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12 energy saving tips for the home

Energy saving at home

The rising cost of energy has made it more important than ever to save energy and reduce your carbon footprint. To give you some advice on how to do this, we’ve gathered 12 of the best energy saving tips to help shrink your utility bill and reduce your household’s greenhouse gas emissions.

Jump to:

How much could you save?
Take devices off standby
Draught proof your home
Fit energy-efficient light bulbs
Reduce bath and shower time
Be more savvy with your kettle
Insulate your home
Saving energy in the winter
Get your boiler serviced
Reduce your boiler flow temperature (combi boilers)
Reduce your water temperature (combi boilers)
Check and maintain your radiators
Install a smart thermostat


How much could you save with these energy saving tips?

Every little helps when it comes to saving energy, whether it’s little habits to save on your electricity bill or something bigger, like insulation to keep your home warmer for longer in the winter.

Take a look at the money you could save by following our tips below*:

Energy saving tip Cost saving per year
Switch off standby £60
Draught proof gaps £50
Change to energy saving light bulbs Up to £15 per bulb
Wash at 30 degrees and put on one less load per week £30
Insulate your water cylinder £50
Install loft insulation £260 – £475
Lowering combi boiler flow temperature** Up to £112

1. Take appliances and devices off standby

Graphic of a plug with the headline 'Take appliances off standby'. One of many tips to save energy.

Any device that has a standby light and/or is warm to touch is using energy. So get into the habit of switching your appliances and devices off at the wall or unplugging them.

Most electrical appliances can be turned off at the plug without upsetting their programming. Timer plugs also let you control when devices are switched on and off, and are a good investment for certain appliances.
Taking other popular devices off standby can help you make significant savings over the course of a year, these include*:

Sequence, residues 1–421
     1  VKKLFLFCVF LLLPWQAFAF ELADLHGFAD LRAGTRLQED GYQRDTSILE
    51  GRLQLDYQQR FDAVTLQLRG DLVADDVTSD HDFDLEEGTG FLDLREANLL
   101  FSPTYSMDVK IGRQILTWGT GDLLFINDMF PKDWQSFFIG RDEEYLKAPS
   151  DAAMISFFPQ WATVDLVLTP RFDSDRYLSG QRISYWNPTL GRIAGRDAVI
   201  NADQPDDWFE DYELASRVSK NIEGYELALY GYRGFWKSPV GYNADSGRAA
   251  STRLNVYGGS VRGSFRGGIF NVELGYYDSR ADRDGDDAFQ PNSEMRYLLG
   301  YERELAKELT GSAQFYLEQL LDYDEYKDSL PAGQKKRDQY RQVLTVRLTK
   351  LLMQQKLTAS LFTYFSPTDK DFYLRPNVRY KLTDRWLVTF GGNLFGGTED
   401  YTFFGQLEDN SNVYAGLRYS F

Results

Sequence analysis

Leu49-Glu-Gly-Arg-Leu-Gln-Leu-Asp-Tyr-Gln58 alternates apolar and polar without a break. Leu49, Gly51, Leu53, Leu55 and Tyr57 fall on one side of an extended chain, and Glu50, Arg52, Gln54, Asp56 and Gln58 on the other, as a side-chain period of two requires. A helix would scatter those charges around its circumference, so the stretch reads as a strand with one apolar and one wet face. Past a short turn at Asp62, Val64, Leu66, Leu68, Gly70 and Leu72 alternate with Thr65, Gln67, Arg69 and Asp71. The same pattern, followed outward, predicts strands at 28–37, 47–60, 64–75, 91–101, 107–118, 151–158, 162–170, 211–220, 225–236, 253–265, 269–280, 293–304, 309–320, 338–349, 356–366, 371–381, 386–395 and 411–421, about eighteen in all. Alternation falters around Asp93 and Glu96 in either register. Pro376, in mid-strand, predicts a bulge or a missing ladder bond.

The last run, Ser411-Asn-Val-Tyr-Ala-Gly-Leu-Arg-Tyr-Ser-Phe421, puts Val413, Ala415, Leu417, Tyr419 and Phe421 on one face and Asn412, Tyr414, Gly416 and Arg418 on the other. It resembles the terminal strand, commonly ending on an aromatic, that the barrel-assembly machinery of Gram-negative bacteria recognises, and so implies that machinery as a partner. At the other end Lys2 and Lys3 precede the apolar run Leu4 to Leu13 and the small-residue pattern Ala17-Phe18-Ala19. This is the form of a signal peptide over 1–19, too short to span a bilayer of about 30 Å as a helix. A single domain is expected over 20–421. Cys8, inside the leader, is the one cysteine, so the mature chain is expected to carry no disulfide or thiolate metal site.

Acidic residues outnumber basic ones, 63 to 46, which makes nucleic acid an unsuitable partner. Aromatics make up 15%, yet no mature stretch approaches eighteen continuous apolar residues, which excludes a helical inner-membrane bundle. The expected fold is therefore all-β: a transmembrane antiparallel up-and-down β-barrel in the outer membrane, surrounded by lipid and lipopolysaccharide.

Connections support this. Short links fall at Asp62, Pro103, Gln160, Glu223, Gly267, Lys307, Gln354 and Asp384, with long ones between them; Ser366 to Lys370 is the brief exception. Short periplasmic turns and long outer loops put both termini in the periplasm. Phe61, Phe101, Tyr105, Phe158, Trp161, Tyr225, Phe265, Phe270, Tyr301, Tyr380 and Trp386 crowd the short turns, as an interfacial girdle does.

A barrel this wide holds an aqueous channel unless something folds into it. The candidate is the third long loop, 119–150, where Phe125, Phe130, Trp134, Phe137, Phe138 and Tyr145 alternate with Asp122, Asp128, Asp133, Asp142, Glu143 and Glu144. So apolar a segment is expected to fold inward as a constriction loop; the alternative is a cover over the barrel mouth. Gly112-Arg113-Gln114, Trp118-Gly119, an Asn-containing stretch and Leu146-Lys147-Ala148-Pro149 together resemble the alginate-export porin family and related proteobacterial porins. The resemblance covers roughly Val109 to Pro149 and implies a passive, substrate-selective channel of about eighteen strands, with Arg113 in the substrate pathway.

• Turning off the light in an unused room – £25
  • Television – £16-24
  • Set-top/cable box – £20-23
  • Games devices – £16
  • Smart speakers – £3.45 per speaker
  • Microwave – £16

The Energy Saving Trust estimates that weaning yourself off standby mode could save you around £60 a year. Find out which of your appliances uses the most electricity so you know where to make the biggest savings.

2. Draught proof your home

Draught excluder by door

Draught proofing is a relatively cheap and easy job that pays for itself. Plugging all the gaps in your doors and windows stops all your lovely warm air escaping outside, and blocks the cold outside air from inviting itself in. Here are some of the less obvious ways that heat escapes from your home:

  • Windows and window frames
  • Doors and door frames
  • Keyholes
  • Letterbox
  • Loft hatch
  • Chimney
  • Floorboards

Be your household’s draught detective and search these places for gaps. Once you’ve located gaps between windows and frames, buy some draught-proofing strips from your local hardware shop (they’re inexpensive).

For doors, you can get draught excluding foam or rubber tape. You can use flexible fillers for floorboards and strip insulation for loft hatches. And don’t forget keyhole covers and a decent letterbox flap. Check out our article on draught-proofing your home for more tips and tricks.

Draught proofing your home could save you up to £50 per year according to the Energy Saving Trust.

3. Fit energy-efficient light bulbs and turn them off when not in use